What Are The Risks Of Defaulting On Your Car Loans?

Consider the risks of defaulting on car loans before you sign a loan agreement. Many people make the mistake of accepting car financing, particularly that provided straight from the dealer, as if it is a discount off the sticker price of the vehicle. The fact is financing is very costly and defaulting is even more costly. While most cars are purchased with a degree of financing, taking care to arrange the right loan will protect you from the various risks. 

Repossession of Your Vehicle

The biggest threat when you are considering a car loan is the chance of repossession of the vehicle if you do default. The loan company will hold the title to your car, and you will not receive it until your loan is paid off. If you default on the terms you agree to in your contract, the company technically still owns the car and can take it from you at any point. They do not have to announce when they plan on repossessing the vehicle; in fact, they rarely do announce the event in order to prevent you from fleeing or trying to stop them. If you are at risk of default, take actions to stop the process so you can keep your vehicle. 

Credit Repercussions

Any time you default on a loan the action will hit your credit score. You will have a significant black mark in addition to a bad credit score. It is advised you should not seek any new loan until a default is at least 2 years, and preferably 5 years, expired. Any lender can easily view the terms of your default and repossession, and it will take some time to rebuild your credit to the place it was before your default. Interest rates on your existing credit cards and other loans may increase.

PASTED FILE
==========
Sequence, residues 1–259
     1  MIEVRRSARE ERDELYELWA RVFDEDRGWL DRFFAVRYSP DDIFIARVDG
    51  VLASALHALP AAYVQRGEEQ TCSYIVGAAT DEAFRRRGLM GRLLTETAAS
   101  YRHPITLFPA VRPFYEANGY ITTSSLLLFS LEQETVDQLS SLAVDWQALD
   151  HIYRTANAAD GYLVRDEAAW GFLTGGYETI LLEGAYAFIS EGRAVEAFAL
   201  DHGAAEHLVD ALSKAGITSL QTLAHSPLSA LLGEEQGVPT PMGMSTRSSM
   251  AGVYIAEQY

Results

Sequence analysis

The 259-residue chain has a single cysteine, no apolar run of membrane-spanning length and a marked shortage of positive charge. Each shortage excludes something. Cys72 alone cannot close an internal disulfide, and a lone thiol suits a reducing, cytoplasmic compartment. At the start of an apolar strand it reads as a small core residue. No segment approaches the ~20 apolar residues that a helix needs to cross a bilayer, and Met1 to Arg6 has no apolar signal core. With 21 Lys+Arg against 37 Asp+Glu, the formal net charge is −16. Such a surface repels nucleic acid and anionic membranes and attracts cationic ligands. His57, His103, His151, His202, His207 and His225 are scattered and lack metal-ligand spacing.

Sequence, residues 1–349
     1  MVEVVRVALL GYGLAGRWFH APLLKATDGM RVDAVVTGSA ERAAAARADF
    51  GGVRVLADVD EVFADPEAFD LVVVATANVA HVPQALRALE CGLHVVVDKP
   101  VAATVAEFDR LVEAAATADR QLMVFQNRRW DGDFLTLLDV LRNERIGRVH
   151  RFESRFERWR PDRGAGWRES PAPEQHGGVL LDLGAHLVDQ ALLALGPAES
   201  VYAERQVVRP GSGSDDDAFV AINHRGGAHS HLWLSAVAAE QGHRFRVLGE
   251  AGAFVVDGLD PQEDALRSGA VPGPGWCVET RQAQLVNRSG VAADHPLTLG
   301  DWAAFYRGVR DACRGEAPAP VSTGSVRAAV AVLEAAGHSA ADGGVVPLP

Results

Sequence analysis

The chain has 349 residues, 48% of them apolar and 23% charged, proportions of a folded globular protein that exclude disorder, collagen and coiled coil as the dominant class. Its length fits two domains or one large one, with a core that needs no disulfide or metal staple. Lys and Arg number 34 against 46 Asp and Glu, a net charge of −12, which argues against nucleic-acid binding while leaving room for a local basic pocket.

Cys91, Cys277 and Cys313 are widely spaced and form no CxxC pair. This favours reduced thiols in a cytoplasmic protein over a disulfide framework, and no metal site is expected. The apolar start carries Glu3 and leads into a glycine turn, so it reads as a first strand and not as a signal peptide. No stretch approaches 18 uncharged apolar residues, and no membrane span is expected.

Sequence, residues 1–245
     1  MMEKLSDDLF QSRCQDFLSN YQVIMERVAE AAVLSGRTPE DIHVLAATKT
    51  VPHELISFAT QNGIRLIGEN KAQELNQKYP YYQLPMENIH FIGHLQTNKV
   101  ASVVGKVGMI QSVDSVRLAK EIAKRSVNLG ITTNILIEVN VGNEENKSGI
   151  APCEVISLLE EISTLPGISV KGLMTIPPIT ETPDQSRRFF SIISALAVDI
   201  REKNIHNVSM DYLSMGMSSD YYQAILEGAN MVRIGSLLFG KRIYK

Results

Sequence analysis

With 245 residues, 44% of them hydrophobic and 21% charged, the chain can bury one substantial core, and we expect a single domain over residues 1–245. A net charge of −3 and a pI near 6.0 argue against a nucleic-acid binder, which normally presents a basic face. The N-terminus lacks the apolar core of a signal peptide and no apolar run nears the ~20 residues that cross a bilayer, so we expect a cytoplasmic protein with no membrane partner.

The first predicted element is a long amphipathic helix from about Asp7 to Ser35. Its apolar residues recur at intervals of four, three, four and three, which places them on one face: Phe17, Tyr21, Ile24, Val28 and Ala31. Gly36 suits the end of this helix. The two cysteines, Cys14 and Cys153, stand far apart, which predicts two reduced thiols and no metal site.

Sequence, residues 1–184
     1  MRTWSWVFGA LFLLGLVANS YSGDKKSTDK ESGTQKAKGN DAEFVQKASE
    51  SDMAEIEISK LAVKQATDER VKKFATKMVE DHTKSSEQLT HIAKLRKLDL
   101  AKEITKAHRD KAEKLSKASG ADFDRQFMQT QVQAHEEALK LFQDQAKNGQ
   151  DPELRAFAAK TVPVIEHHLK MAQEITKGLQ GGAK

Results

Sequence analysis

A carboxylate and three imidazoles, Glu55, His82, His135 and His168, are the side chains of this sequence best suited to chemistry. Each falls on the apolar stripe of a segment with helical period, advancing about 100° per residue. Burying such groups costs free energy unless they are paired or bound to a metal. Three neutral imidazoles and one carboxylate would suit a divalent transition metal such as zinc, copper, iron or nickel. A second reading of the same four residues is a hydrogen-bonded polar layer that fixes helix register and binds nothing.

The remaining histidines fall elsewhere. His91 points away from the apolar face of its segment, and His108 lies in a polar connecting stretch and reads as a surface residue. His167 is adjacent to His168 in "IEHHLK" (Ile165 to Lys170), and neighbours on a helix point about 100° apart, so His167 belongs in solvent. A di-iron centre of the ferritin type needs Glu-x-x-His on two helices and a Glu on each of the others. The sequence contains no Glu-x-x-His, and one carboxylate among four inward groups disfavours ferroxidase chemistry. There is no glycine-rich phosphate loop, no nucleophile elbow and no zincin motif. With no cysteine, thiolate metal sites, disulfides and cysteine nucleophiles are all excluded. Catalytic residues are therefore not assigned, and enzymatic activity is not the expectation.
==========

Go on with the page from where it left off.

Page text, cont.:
Difficulty Getting Another Car Loan

It goes without saying the most wary lenders will be auto lenders. Once you have defaulted on a car loan, new car loans will be near impossible to achieve. You will have to provide a significant down payment at any point in the future if you seek a new car. Furthermore, you may be prevented from securing other high end loans like mortgages. Installment loans are considered a strong measure of your ability to responsibly manage your credit. Other installment lenders will be particularly hesitant with you. 

Preventing Car Loan Defaults

The best protection against loan default is careful planning on the front end. Experts advise considering your budget and loan requirements before shopping for a vehicle. This prevents you from getting your sights set on a car that is too expensive. Providing a good down payment on your car is also essential to assure your monthly payments can remain low enough for you to afford. The best rule of thumb when considering how much car you can afford is to budget yourself based on salary. First, cut your salary each month in half. Deduct your rent or mortgage from this amount. Take away any fixed payments you have like student loans or electronics loans. The amount remaining is how much you can afford on a car loan each month without defaulting. 

 

 


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